Maurice Sendak

Cover image Cover image Cover image Cover image Cover image

As many of you already know, world-famous children’s book author and illustrator, Maurice Sendak passed away last week. It’s all over the news, and probably all over many kid lit blogs. But I want to add my own special mention to the mix. The very first book I reviewed here on Frog On A Blog, back in 2009, was Where the Wild Things Are, which is probably Mr. Sendak’s most well-known title. He has, of course, written and illustrated numerous others, as well as contributed to anthologies and so forth, and he has been the subject of a few biographies as well. Parodies and adaptations have been created  based on Where the Wild Things Are too. His books have been printed in several languages. The cover at the top right shows the French version of Where the Wild Things Are.

When I was a child, one of my treasures was a little book collection called Nutshell Library. I received it as a birthday gift. Unfortunately, I don’t remember how old I was. It’s now been passed on to nieces and nephews and it’s definitely seen better days. Copies are still available for sale today and can usually be found at a reasonable price. Maurice Sendak’s Nutshell Library includes four small books: Pierre, Alligators All Around, Chicken Soup with Rice, and One Was Johnny. I think it’s a great gift idea.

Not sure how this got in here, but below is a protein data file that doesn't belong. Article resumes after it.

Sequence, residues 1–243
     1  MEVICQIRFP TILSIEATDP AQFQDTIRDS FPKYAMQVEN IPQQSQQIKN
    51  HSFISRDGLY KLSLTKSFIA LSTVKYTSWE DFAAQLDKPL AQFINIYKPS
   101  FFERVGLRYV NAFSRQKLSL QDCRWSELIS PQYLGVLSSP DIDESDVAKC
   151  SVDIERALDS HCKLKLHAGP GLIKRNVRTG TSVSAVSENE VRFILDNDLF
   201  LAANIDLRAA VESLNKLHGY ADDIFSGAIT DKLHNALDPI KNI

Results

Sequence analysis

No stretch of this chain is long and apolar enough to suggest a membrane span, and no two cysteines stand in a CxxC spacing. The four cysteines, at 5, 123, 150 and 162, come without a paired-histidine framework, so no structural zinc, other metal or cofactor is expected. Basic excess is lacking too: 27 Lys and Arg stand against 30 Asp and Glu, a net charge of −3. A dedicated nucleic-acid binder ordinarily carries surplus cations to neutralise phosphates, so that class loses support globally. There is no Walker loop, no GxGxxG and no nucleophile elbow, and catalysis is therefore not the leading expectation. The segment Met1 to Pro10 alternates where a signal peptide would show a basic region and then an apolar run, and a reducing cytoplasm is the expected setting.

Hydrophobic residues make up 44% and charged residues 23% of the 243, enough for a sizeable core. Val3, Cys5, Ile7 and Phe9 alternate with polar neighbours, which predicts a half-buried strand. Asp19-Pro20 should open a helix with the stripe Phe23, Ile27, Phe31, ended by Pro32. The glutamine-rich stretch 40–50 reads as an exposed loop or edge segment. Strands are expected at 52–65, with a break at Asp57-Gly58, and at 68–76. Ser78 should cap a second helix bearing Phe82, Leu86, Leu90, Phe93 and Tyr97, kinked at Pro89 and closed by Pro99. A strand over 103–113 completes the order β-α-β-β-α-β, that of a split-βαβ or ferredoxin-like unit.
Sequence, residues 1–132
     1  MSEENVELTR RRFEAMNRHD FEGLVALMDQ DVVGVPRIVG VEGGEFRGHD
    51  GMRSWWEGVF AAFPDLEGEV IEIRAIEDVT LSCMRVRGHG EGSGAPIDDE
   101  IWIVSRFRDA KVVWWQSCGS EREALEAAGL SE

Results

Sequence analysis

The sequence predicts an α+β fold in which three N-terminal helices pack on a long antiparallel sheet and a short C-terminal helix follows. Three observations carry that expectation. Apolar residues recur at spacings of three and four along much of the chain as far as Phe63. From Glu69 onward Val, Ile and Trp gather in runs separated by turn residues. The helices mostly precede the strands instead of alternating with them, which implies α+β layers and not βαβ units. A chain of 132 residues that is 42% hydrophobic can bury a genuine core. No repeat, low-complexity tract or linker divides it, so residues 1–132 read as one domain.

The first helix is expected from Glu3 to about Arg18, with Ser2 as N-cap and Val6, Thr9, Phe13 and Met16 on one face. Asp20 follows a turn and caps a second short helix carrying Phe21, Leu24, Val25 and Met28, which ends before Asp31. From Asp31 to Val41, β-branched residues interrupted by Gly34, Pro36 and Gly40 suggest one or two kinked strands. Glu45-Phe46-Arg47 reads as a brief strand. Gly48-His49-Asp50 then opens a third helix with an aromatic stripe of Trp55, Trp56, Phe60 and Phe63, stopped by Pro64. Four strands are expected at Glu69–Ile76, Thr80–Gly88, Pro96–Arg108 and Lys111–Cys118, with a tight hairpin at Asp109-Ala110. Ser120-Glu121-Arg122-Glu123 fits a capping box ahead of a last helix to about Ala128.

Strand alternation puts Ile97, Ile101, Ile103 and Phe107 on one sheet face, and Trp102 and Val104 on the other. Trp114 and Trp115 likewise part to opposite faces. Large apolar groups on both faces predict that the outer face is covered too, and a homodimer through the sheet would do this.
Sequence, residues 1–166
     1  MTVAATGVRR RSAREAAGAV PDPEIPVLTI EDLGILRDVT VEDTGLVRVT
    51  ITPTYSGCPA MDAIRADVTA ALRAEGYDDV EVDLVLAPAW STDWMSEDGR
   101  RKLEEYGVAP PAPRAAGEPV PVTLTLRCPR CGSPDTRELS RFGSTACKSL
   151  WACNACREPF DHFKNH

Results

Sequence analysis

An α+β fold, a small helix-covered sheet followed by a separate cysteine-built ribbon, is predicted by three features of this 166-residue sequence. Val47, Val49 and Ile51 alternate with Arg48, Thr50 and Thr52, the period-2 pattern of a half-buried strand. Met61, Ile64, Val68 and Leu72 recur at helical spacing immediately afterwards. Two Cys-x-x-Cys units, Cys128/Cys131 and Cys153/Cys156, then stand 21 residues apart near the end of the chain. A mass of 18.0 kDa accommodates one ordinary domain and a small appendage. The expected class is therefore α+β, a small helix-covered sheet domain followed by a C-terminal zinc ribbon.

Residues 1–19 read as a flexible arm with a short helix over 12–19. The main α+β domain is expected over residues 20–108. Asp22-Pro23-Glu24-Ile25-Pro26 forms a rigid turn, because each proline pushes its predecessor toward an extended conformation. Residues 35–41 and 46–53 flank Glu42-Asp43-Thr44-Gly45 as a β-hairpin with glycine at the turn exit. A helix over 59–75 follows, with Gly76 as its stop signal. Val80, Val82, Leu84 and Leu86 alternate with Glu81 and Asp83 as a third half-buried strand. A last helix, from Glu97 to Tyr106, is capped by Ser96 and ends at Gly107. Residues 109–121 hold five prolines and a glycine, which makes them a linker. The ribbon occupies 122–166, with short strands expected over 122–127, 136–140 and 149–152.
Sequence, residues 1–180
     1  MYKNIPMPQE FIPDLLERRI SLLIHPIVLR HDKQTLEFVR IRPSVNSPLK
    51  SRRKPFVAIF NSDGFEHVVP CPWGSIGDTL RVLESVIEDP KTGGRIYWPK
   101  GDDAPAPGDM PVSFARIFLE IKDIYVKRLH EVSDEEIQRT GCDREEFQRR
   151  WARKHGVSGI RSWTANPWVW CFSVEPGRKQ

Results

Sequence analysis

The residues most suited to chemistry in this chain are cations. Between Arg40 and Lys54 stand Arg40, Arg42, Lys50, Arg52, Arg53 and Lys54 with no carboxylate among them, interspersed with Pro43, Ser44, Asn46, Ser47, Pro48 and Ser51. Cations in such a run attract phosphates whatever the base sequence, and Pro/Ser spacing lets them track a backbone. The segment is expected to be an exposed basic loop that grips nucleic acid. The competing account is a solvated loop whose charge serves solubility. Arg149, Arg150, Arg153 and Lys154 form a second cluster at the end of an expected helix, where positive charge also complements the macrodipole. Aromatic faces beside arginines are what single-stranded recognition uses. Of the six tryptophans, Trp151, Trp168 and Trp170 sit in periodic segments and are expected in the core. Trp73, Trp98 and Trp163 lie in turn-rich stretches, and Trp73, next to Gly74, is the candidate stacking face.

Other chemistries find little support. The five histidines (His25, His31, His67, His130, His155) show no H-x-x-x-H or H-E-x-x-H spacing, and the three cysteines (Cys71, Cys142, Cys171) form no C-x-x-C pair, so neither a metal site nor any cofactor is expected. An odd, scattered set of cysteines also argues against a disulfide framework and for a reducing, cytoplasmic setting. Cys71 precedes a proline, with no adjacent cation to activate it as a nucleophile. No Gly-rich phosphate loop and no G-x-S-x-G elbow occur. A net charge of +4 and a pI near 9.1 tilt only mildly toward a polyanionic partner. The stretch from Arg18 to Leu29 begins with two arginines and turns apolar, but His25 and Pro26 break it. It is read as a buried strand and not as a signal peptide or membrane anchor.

Nutshell Library

Below, I have posted my original review of Where the Wild Things Are:

Inspired by the recent film adaptation, I decided to reread Where The Wild Things Are, written and illustrated by Maurice Sendak, and originally published in 1963 by Harper & Row. It won the Caldecott Medal in 1964. I think most picture book fans have read it, or read it to their children, at least once in their lives. I think this book is great fun despite the rumors that some parents think it’s too frightening for young children. This may perhaps be true of the recent film version, but the book portrays the “wild things” as big, goofy, even somewhat cuddly looking creatures. Certainly mild by today’s standards. If you truly want to analyze the story, there is a message here and I think it’s a timeless one for every parent and child. All children get upset sometimes and may even throw tantrums, act out or “be wild”. And they may be punished for it. But in time, the fit passes and they know that they are still loved despite their behavior and despite their punishment. All children should feel this sense of love and security at home.

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